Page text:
Come aboard the vessel that birthed a new age – and hear a story of mass migration, broken pacts and moral dilemmas – in this immersive piece of theatre. Based on Karel Čapek's 1936 dystopian novel of the same name, this production stands out amongst the 3,000 shows of the Edinburgh Fringe for more than its unusual title.
On entering a disorientating room, the audience are welcomed, assessed and sorted, before taking seats in a set that fills the whole space. Told through frequent flash-backs - both those authorised by the new regime and ones which are still classified – the unfolding play is a disjointed account of humanity's collapse sparked by conflict with another species. With unreliable narrators, it presents a nuanced view of both sides.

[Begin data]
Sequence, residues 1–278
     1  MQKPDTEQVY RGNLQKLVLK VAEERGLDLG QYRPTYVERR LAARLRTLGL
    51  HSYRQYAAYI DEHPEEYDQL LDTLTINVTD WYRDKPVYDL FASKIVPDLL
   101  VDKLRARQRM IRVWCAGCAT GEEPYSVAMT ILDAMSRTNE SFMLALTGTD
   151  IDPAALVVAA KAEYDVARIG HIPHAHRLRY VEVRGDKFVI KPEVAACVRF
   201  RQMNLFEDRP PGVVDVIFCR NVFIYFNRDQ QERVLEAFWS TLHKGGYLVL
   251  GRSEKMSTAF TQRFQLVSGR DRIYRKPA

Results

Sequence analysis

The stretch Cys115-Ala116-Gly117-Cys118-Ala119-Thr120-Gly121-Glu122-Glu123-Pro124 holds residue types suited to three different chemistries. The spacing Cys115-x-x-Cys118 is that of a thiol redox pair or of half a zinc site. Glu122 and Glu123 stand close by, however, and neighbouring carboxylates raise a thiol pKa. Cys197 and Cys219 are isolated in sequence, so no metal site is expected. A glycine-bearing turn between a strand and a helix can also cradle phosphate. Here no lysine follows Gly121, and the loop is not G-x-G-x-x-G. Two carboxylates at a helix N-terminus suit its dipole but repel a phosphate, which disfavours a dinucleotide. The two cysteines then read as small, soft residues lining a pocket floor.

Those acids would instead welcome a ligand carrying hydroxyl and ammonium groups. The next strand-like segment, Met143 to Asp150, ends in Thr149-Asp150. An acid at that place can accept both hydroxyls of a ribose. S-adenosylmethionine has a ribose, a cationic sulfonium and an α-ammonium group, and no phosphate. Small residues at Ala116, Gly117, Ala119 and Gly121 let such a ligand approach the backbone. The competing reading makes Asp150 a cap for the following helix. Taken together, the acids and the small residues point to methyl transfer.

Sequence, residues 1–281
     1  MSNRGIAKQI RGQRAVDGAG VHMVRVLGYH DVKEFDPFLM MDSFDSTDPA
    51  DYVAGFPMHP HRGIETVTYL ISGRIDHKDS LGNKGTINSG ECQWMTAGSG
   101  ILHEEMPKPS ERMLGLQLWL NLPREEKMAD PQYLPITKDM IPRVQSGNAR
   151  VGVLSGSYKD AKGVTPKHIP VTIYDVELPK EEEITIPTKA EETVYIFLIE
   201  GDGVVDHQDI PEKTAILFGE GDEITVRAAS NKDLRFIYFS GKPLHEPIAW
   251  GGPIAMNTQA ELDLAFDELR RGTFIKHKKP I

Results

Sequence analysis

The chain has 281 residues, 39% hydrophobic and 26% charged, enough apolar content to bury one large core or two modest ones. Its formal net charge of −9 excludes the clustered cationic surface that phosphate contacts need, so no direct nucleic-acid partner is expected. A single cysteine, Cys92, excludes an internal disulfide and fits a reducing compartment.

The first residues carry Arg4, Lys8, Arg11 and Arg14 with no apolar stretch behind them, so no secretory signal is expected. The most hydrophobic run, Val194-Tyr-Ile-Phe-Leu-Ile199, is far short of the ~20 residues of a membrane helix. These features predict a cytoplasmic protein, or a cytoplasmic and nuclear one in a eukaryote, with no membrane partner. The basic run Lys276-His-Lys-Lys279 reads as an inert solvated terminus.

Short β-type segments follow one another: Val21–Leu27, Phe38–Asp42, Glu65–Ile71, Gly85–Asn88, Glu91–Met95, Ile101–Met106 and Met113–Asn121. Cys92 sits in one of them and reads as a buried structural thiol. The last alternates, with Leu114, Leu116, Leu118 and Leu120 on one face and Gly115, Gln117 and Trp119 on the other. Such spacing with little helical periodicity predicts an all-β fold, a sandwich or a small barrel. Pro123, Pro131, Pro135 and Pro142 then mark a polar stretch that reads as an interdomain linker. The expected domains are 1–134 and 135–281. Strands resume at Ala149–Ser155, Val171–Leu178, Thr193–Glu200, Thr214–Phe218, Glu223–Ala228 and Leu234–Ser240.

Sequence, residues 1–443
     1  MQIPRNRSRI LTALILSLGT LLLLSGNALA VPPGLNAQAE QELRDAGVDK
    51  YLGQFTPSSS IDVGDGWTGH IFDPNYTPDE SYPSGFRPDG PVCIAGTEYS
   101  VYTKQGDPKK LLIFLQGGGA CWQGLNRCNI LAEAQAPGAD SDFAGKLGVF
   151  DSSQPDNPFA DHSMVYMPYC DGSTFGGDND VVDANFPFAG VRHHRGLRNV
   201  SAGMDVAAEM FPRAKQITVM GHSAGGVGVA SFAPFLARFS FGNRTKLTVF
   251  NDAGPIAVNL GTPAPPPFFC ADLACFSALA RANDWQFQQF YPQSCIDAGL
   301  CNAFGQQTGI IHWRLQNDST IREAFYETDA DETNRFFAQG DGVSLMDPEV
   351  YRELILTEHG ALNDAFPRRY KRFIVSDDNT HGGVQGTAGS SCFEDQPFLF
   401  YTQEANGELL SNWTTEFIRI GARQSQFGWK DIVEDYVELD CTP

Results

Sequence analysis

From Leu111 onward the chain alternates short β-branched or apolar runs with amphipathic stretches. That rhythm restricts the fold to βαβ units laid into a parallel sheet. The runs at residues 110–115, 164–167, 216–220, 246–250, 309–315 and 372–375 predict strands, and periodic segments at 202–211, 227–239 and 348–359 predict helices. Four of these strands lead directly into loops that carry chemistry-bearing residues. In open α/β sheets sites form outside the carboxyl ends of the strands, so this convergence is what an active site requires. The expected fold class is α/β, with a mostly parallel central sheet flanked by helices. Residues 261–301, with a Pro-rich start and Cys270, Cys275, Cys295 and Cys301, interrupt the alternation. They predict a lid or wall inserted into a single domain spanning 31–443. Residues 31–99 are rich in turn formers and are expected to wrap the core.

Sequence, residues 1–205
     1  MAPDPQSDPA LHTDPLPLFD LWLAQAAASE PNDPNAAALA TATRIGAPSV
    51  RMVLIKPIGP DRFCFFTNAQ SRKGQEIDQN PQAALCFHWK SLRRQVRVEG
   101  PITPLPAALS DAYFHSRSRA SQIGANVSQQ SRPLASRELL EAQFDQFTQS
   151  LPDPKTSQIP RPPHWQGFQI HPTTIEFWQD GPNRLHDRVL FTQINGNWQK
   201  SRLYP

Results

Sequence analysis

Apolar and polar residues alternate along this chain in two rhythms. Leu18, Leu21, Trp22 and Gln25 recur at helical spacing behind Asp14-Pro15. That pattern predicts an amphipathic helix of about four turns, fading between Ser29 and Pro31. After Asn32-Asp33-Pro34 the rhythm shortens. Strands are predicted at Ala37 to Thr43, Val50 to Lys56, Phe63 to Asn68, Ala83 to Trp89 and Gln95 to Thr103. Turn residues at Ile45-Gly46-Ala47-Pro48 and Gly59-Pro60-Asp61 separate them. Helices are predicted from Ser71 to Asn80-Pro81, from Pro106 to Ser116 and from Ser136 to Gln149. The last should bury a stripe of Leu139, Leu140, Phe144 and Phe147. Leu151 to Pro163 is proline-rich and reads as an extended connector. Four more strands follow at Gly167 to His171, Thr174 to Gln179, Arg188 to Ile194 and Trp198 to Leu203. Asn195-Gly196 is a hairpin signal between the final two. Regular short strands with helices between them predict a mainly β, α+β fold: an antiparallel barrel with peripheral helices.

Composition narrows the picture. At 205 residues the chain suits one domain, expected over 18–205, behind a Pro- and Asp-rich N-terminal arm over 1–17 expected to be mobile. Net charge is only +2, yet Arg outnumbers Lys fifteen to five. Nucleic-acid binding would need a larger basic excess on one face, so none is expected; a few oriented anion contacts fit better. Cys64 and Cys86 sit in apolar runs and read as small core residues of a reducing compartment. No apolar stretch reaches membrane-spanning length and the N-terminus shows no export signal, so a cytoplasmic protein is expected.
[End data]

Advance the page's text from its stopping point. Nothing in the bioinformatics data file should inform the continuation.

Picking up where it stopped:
At the heart of the story are the fishermen of Toch's Wild Oysters, whose discovery, compassion and greed leads to consequences that have global repercussions. Fast-forward to 'the Colony', and the world as we know it has changed.
The staging by Hannah Sibai is ambitious and effective, creating an unsettling futuristic atmosphere that transports you to a different era – further enhanced by the original sound score produced by Robert Bentall. The three performers effortlessly fulfil several different roles each, and flit between different accents smoothly.
It's an earnest production that sometimes felt a little like an extended art installation, but the overall impact is still very moving. The non-linear plot also took a while to adjust to, although it works well as a way to set-up the audience as viewers from the future unpicking a difficult past, unsure who or what to trust.
War with the Newts is an engrossing sci-fi production that you'll be mulling over for hours after. It raises timely ethical and philosophical issues, delivering them in an imaginative style. After this, you'll look at amphibians in a different way.